Monday, December 14, 2009

Link-idy link-idy

Claus (no, I'm not saying that Claus is a tool...) has posted a nice summary of some of the free tools posts from WindowsIR and added some really nice grep tools for the Windows platform. Using tools like this would greatly increase an analyst's capabilities with respect to some of the Analysis stuff I've mentioned recently. For instance, if you're interested in doing searches for PANs/CCNs, you can use BareGrep and consult the Regex reference for syntax in writing your regex; of course, additional checks will be necessary (in particular, the Luhn formula) to reduce false positives, but it's a start.

JL's got a new Misc Stuff post goin' on over on her blog. I'd picked up on the demise of support for mdd.exe from her blog post, as well as from Volatility (note the recommendation to use Matthieu Suiche's windd for your memory dumping needs). She also points out that MHL has some new and updated Volatility plugins, even one that incorporates YARA for scanning of malware!

Speaking of malware analysis, Kristinn posted on PDF Malware Analysis over on the SANS Forensic Blog, as well. Add this information to Lenny's cheat sheet, and you can develop a pretty decent approach for determining the method by which a system was compromised or infected. This is often one of the most difficult aspects of analysis, and very often left to speculation in a report. Many times, the assumption is made that the initial infection/compromise vector was via web browser "drive-by" ("browse-by"??)...I say "assumption" because there is no specific data or analysis within the report which supports the statement. In most cases, the assumption is based on malware write-ups provided by AV vendors; this may be an initial indicator, but the analysis of identified files using techniques such as those identified by Kristinn and others, and listed in Lenny's cheat sheet, can provide definitive answers, and potentially even identify sources and additional issues.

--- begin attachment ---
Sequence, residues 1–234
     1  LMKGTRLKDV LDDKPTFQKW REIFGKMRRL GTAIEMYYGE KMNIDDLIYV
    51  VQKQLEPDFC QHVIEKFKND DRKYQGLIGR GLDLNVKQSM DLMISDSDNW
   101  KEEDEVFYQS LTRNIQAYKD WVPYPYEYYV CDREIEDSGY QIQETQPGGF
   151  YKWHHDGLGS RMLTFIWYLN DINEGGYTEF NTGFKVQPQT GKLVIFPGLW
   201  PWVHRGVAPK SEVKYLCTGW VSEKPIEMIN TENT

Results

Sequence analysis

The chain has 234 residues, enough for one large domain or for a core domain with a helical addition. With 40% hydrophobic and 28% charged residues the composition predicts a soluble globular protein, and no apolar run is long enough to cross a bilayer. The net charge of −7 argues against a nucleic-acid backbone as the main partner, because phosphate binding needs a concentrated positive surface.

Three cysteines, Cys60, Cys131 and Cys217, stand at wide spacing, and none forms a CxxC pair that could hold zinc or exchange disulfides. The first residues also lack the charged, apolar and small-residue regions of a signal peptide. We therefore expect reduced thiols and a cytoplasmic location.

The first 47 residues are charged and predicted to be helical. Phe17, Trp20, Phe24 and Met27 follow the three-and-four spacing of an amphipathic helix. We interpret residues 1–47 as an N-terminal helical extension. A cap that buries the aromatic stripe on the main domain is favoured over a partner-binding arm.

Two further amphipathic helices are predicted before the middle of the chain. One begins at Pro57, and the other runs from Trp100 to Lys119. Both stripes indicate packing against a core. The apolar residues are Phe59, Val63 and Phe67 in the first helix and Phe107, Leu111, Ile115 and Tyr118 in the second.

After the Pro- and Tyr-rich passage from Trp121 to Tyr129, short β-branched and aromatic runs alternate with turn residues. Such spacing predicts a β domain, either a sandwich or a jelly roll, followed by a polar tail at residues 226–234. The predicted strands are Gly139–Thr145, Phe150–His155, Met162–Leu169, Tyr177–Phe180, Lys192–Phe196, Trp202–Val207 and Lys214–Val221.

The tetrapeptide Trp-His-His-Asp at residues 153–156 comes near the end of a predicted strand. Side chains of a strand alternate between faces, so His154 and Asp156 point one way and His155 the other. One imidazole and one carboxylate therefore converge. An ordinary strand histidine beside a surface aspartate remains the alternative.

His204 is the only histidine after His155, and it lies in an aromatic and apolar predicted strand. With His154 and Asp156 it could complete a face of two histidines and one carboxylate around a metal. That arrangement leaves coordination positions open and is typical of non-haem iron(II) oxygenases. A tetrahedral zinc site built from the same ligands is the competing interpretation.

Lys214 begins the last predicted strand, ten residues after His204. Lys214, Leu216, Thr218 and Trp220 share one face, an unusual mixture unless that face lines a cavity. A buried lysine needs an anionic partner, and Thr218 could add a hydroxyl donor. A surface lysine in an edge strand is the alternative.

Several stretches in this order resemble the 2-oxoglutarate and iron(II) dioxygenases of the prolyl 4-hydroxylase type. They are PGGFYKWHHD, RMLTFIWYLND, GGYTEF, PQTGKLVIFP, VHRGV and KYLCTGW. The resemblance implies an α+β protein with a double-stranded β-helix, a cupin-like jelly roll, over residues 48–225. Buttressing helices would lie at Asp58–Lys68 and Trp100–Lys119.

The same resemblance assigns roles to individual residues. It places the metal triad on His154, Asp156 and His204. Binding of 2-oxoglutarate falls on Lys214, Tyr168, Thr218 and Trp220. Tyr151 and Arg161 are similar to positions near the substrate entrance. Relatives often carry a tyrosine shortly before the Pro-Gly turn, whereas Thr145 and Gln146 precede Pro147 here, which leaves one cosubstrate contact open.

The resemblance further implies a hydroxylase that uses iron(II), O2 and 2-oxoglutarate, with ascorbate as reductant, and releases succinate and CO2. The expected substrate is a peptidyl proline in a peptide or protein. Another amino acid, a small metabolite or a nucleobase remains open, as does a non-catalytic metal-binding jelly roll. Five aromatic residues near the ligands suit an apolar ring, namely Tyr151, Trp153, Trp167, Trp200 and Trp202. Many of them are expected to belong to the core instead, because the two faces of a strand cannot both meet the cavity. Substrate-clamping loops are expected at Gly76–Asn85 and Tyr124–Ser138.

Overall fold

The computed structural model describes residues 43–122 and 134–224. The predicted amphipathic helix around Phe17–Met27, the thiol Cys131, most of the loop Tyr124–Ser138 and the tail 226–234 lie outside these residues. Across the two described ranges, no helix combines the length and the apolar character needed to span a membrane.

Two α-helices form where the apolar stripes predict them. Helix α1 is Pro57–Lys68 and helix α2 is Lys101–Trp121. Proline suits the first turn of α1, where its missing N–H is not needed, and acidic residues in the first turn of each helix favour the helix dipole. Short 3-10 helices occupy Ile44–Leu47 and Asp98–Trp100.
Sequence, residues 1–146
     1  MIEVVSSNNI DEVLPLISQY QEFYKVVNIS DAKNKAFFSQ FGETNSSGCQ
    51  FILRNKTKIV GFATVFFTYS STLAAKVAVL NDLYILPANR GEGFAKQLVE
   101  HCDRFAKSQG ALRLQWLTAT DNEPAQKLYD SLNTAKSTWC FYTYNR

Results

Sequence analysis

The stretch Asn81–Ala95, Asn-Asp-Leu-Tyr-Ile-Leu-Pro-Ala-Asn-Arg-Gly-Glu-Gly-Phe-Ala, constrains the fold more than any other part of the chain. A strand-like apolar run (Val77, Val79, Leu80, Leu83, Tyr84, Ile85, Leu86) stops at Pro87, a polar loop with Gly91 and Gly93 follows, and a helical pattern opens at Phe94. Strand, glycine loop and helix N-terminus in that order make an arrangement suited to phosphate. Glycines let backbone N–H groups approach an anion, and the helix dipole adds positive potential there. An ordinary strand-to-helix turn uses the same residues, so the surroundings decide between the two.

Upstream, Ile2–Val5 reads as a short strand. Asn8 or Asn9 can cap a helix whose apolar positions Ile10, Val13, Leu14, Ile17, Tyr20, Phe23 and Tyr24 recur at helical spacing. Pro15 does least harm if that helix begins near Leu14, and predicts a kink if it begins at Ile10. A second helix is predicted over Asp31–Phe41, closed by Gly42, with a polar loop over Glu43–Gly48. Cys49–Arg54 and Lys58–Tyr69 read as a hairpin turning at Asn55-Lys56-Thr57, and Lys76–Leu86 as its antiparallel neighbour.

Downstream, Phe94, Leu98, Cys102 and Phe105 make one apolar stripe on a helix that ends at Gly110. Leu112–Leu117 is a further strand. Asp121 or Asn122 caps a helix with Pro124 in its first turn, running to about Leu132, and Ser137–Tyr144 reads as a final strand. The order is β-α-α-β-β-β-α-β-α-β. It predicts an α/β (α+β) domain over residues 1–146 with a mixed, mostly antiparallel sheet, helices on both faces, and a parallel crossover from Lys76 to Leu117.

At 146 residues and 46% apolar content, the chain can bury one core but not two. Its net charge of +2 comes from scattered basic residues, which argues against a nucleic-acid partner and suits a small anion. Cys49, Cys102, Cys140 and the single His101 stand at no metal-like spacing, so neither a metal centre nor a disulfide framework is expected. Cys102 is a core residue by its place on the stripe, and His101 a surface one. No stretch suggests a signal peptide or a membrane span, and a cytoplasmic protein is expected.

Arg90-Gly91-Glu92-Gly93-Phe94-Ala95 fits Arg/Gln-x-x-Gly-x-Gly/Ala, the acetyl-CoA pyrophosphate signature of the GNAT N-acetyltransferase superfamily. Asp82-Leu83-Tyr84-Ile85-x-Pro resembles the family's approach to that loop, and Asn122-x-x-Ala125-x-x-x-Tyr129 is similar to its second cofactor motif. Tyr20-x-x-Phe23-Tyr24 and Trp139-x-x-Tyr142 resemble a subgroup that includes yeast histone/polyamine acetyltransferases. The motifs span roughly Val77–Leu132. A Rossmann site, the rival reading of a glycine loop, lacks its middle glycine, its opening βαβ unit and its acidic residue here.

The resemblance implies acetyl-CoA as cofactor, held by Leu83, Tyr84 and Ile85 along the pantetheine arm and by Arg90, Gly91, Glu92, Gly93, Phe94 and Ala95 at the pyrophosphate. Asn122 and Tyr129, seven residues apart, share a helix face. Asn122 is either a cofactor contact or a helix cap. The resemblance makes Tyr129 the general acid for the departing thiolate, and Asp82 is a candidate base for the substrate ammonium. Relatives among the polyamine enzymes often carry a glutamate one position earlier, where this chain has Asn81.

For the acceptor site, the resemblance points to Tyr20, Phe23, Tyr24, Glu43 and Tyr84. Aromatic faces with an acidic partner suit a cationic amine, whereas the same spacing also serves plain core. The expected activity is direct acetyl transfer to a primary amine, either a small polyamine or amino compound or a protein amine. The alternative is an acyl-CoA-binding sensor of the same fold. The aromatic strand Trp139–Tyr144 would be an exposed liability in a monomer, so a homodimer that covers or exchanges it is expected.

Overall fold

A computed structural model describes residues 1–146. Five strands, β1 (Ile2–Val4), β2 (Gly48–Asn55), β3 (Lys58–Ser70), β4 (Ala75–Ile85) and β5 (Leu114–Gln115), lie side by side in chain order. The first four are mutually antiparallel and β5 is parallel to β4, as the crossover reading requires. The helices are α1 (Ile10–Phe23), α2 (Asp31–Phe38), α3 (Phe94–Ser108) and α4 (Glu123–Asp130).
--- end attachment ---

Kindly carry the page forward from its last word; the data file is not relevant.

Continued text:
Remember the hoopla surrounding MS's COFEE being leaked? Well, check out DECAF. I wonder how this will affect other response toolkits and techniques that are similar to COFEE? Check out this post from the Praetorian Prefect blog on DECAF (thanks to Claus for the mention of the blog...).


Claus Valca said...


--Claus V.

Claus Valca said...

and RE: COFEE and DECAF.

I just found this gem on DECALF analysis (I'm sure the first of many) in my RSS list.

Regular or Decaf? Tool launched to combat COFEE -Praetorian Prefect blog.

Not only does it have a useful breakdown of how this verison works and what it does, where it calls home, but it also touches on some of the forensic impact angles (albiet lightly) as well.

Neat post...


--Claus V.